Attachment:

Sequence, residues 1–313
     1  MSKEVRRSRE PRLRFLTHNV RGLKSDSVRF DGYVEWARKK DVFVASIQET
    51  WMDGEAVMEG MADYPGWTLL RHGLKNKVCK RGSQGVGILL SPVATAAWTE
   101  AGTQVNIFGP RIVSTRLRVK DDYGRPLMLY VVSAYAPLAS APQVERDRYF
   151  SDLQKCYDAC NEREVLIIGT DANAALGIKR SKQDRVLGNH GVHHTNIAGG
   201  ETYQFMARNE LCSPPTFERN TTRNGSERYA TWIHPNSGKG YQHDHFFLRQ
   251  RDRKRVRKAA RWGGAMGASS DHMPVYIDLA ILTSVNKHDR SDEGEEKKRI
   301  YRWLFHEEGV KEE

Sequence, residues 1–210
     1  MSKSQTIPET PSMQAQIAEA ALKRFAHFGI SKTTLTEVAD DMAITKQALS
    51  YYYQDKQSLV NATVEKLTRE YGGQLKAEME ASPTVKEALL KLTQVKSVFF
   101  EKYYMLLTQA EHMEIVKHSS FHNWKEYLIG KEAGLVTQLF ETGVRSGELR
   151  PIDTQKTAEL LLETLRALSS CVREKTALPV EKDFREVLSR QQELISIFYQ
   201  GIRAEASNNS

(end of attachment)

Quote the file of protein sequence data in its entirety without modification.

Sequence, residues 1–313
     1  MSKEVRRSRE PRLRFLTHNV RGLKSDSVRF DGYVEWARKK DVFVASIQET
    51  WMDGEAVMEG MADYPGWTLL RHGLKNKVCK RGSQGVGILL SPVATAAWTE
   101  AGTQVNIFGP RIVSTRLRVK DDYGRPLMLY VVSAYAPLAS APQVERDRYF
   151  SDLQKCYDAC NEREVLIIGT DANAALGIKR SKQDRVLGNH GVHHTNIAGG
   201  ETYQFMARNE LCSPPTFERN TTRNGSERYA TWIHPNSGKG YQHDHFFLRQ
   251  RDRKRVRKAA RWGGAMGASS DHMPVYIDLA ILTSVNKHDR SDEGEEKKRI
   301  YRWLFHEEGV KEE

Sequence, residues 1–210
     1  MSKSQTIPET PSMQAQIAEA ALKRFAHFGI SKTTLTEVAD DMAITKQALS
    51  YYYQDKQSLV NATVEKLTRE YGGQLKAEME ASPTVKEALL KLTQVKSVFF
   101  EKYYMLLTQA EHMEIVKHSS FHNWKEYLIG KEAGLVTQLF ETGVRSGELR
   151  PIDTQKTAEL LLETLRALSS CVREKTALPV EKDFREVLSR QQELISIFYQ
   201  GIRAEASNNS